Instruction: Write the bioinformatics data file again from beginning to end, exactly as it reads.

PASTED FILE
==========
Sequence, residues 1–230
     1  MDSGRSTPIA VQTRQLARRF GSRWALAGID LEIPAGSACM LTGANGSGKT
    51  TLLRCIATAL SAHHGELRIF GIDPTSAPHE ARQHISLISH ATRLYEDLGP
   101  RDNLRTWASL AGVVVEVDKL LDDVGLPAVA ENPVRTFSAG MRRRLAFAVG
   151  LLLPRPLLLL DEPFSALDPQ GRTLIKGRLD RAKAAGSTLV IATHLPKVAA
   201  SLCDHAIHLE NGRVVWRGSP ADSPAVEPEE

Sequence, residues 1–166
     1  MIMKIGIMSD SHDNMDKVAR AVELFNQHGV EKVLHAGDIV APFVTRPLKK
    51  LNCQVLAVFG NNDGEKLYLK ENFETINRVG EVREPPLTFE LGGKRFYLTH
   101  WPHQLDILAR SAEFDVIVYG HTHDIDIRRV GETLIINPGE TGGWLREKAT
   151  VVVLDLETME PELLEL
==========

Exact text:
Sequence, residues 1–230
     1  MDSGRSTPIA VQTRQLARRF GSRWALAGID LEIPAGSACM LTGANGSGKT
    51  TLLRCIATAL SAHHGELRIF GIDPTSAPHE ARQHISLISH ATRLYEDLGP
   101  RDNLRTWASL AGVVVEVDKL LDDVGLPAVA ENPVRTFSAG MRRRLAFAVG
   151  LLLPRPLLLL DEPFSALDPQ GRTLIKGRLD RAKAAGSTLV IATHLPKVAA
   201  SLCDHAIHLE NGRVVWRGSP ADSPAVEPEE

Sequence, residues 1–166
     1  MIMKIGIMSD SHDNMDKVAR AVELFNQHGV EKVLHAGDIV APFVTRPLKK
    51  LNCQVLAVFG NNDGEKLYLK ENFETINRVG EVREPPLTFE LGGKRFYLTH
   101  WPHQLDILAR SAEFDVIVYG HTHDIDIRRV GETLIINPGE TGGWLREKAT
   151  VVVLDLETME PELLEL